Many struggling campaigns make the same mistake – when describing their projects, they list things THEY are excited about. This is akin to shooting yourself in the foot. Choosing images the creators like, listing obscure features they are excited about and talking about aspects they think are important – all of these and more will hinder the campaign.

Remember, no one cares what you or your team find exciting about the project. Tell the people what THEY will gain from this. Tell them how they will feel when experiencing what you have in mind. What will it feel like after? Will it change them? How will it be different? And if you can’t explain this simply – you need to work on your pitch more, you’re not ready.

 

  1. All eggs in one basket

The most successful campaigns don’t have a single source of backers. You can never predict which website or social media platform will be your main contributor of backers. Diversify your reach and your marketing to cover as much ground as possible. Do the interviews, post on social and do updates on Facebook – as much as you can manage.

You can work on your prime sources of backers beforehand and leave the Plan B options for during the campaign. Your goals is to get as many eyes as you can on your project. Do not stake all your hopes on just one method like Facebook adds or website articles – diversify!

 

  1. An unforgettable Experience

Ask yourself – what do you want people to feel like when they see the images or read your descriptions. All the content of your campaign, from the head image to the video and main page text, must create a single unique experience.

For example, your main project image doesn’t have to be of the product. Unless your product or company is already known, it will not attract much attention. Remember – you’re creating a sense, an association, a strong feeling. That is your goal. That is what should guide all your creative decisions.

Make people interested in your project. Have them intrigued, asking questions, admiring your art and wanting for more information.

 

  1. Show, don’t tell

Try to have as much of the product and rewards ready as you can. People fall in love with images much faster than vague promises and concepts. An image of a cool reward is much more likely to convert in to a pledge, than a description would.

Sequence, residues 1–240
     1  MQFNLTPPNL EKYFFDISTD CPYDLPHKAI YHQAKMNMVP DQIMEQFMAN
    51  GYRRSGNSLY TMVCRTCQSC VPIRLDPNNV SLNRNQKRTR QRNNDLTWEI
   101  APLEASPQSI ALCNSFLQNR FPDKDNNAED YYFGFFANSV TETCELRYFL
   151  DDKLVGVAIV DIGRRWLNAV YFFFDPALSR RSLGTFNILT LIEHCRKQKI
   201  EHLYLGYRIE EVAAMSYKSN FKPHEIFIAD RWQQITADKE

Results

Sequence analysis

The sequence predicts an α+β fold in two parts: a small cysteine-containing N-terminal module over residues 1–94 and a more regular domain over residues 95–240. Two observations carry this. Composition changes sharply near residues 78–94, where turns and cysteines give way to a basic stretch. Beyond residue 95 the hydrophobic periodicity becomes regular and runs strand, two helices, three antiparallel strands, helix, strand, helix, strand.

People are averse to unknowns and regret/loss. You will see nothing but shy enthusiasm for t-shirts and posters that have not been designed yet. Don’t have pictures? Get some sketches for all your rewards – small changes are ok later on.

 

  1. Don’t study success, study failure

Gather up your courage and imagine what failure will be like. Afterward, go on Kickstarter and find some campaigns that are as close to yours as possible. Try to see if there are any patterns all of them fall in to. If you’re studying Kickstarter campaigns, you might as well study both successes and failures.

Always look at what campaigns like YOURS did. Don’t look at the most successful ones – they often times got funded based on many things, rather than just the Kickstarter page or video pitch. There is much under the hood of a campaign that you can not see, so study many of them and go for the modest ones.

 

  1. Get Feedback

For all parts of your campaign, get feedback. Lots of it. Preferably from strangers. Have as many reviews as possible and don’t start the campaign until you have them. You can never be sure in how your message comes across until you test it.

Gathering feedback is also a great way to gather a buzz for your campaign beforehand. All those Facebook groups and Reddit posts will be both a feedback opportunity and a way to announce your campaign to the world. Use this opportunity – it’s free advertising.

 

There are many more tips that can be listed here, so if you feel you have others that need to be mentioned – leave a comment.


Related Jobs

HB Studios
HB Studios — Lunenburg/Halifax, Nova Scotia, Canada
[10.21.19]

Experienced Software Engineer
Bit Fry Game Studios, Inc.
Bit Fry Game Studios, Inc. — Portsmouth, New Hampshire, United States
[10.19.19]

Gameplay Engineer
Bit Fry Game Studios, Inc.
Bit Fry Game Studios, Inc. — Portsmouth, New Hampshire, United States
[10.19.19]

Game Network Engineer
Bit Fry Game Studios, Inc.
Bit Fry Game Studios, Inc. — Portsmouth, New Hampshire, United States
[10.19.19]

Backend Engineer





Loading Comments

loader image